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 — June 12, 201512 juin 2015
Dean Dermont Dunne, Church of England Archbishop Michael Jackson, sculptor Tim Schmalz and Roman Catholic Archbishop Diarmuid Martin at the blessing and unveiling of the Jesus the Homeless sculpture in Dublin. Photo: Church of Ireland
Dean Dermont Dunne, Church of England Archbishop Michael Jackson, sculptor Tim Schmalz and Roman Catholic Archbishop Diarmuid Martin at the blessing and unveiling of the Jesus the Homeless sculpture in Dublin. Photo: Church of Ireland
By Ben Graves, Anglican Journal

Canadian sculptor Timothy Schmalz’s life-sized bronze statue, Jesus the Homeless, did not have the most auspicious of beginnings. The oft-controversial piece, which depicts Jesus as an all-but-anonymous homeless person curled beneath a blanket on a park bench, spent close to a year stranded in Schmalz’s studio after it was first cast. Two Catholic cathedrals, St. Michael’s in Toronto and St. Patrick’s in New York City, passed on the sculpture after initial displays of interest, and Jesus the Homeless was left, in what Schmalz has described as a somewhat telling irony, without a home.

But much has transpired in the years since. In early 2013, the original sculpture was accepted and installed by Regis College, a Jesuit theological college located in Toronto’s downtown core. An audience with Pope Francis, in which the pontiff prayed over and blessed a model of Schmalz’s work, followed later that same year, and 2014 saw Jesus the Homeless placed in cities across the United States such as Davidson, N.C., Phoenix, Ariz., and Chicago, Ill.

The latest installation, and the first outside of North America, took place in May this year, in the grounds of Christ Church Cathedral in Dublin, Ireland. The ceremony surrounding the unveiling served as a particular source of pride for Schmalz, who travelled to Ireland to watch it take place, and for a very specific reason. “The sculpture’s doing what I never expected it to do,” he said in an interview. “It’s bringing together people from different denominations. At Christ Church Cathedral… we had the Catholic archbishop [Diarmuid Martin] of Dublin, as well as [Church of Ireland] archbishop [of Dublin, Michael Jackson] do a dual blessing on the sculpture, using the same holy water bowl.”

Schmalz is equally proud that Jesus the Homeless also appears to appeal to those who do not profess a faith in any particular religion. “I love the fact that people who aren’t really religious are gravitating toward it,” he said. “And I do believe that one of the reasons why that is, is that this sculpture is talking about the pure essence of some of the greatest gifts that Christianity has given us…that life is sacred. It’s hard not to like, whatever faith you are, the idea of Jesus saying that whenever you’ve helped the least of my brothers, you’re helping me.” Schmalz specifically points to Jesus the Homeless statues in Buffalo, N.Y., and Charleston, W.Va., that have become unofficial drop-off points for food and blankets, which are then donated to homeless shelters by the churches that own the statues.

Despite the success of the last two years, however, the controversy that has dogged the sculpture from the outset—controversy that included a Davidson, N.C. resident, mistaking it for a real homeless person, calling the police on the statue shortly after it debuted at St. Alban’s Episcopal Church—has persisted in some arenas. One parishioner at a Cincinnati, Ohio, church, citing his belief that the statue was an insulting portrayal of Jesus, left the congregation after the church’s decision to install Jesus the Homeless. Similar divides surrounding the piece have cropped up in other parishes. Schmalz expressed particular disappointment at the recent collapse of a commitment to display Jesus the Homeless at the Oratory of the Louvre in Paris. The deal soured when the oratory’s administration decided that it would be hypocritical to display a statue of Jesus as a homeless person while simultaneously trying to discourage the presence of actual homeless people on the property.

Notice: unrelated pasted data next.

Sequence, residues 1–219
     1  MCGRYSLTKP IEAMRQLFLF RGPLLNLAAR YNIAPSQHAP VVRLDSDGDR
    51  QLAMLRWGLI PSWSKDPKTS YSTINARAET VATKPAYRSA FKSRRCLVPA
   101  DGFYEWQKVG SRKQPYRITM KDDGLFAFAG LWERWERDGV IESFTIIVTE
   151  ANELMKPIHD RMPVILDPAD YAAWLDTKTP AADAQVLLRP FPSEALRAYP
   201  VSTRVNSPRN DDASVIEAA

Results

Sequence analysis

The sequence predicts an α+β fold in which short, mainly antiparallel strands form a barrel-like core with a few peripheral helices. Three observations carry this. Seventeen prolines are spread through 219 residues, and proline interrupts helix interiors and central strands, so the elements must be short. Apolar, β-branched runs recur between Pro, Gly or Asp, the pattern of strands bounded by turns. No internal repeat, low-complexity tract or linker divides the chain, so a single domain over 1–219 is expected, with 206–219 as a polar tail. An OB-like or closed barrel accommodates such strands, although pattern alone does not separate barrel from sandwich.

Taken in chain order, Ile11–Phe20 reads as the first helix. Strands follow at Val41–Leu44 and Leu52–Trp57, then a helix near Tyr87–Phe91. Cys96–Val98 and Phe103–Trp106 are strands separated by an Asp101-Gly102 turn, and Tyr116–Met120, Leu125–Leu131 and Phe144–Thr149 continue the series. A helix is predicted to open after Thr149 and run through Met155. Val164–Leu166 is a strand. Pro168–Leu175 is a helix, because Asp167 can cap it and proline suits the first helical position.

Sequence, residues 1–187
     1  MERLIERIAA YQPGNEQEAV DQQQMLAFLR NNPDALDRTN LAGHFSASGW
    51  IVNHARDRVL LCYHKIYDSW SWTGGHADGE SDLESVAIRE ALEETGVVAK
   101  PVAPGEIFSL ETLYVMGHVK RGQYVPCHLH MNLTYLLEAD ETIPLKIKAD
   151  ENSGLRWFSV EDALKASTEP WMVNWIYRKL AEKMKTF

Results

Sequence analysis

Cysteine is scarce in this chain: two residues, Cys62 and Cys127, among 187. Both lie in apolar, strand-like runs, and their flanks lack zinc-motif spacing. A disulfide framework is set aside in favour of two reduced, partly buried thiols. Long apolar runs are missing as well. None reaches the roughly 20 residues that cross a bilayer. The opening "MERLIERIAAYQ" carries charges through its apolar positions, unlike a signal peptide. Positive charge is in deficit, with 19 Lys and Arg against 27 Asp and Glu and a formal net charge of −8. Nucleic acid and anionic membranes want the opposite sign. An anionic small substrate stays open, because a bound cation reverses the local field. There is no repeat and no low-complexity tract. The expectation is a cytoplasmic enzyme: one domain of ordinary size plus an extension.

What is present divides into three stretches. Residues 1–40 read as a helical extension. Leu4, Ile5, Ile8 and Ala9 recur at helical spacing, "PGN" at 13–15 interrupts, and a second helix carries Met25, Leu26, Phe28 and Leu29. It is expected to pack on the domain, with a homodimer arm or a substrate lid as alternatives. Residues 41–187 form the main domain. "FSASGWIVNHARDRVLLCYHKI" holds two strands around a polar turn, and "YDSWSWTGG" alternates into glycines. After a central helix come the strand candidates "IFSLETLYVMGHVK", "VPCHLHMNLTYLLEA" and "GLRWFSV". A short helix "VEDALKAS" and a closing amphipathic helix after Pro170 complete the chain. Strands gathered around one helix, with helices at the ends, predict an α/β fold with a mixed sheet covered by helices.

For his part, Schmalz maintains that while part of his aim is to elicit a genuine, emotional response through his work, he is not in the habit of creating pieces for the purpose of empty shocks. “It’s a visual translation of Matthew 25,” he said, “and you hope that with a little bit of explanation, [people] would come to the understanding that I’m not trying to insult anyone, and I’m only being as shocking as the gospels are shocking.”

In any case, whatever lingering resentment might be attached to the statue in some corners does not appear to have halted its forward momentum. Schmalz is currently in talks to bring Jesus the Homeless to the Methodist Central Hall in London, England, along with churches in Ottawa, Hamilton and Detroit, among others.

When asked what it meant to him to see the statue spread across the world, Schmalz said that the message of Matthew 25 remained the most important aspect, and quoted a favourite saying of his from St. Francis: “Preach everywhere you go, and if necessary even use words.”

Schmalz added: “[The statue] is very similar to a preacher who’s silent, but still being heard all the way around the world.”

Posted: June 12, 2015 • Permanent link: https://ecumenism.net/?p=8578
Categories: Anglican JournalIn this article: poverty
Transmis : 12 juin 2015 • Lien permanente : https://ecumenism.net/?p=8578
Catégorie : Anglican JournalDans cet article : poverty

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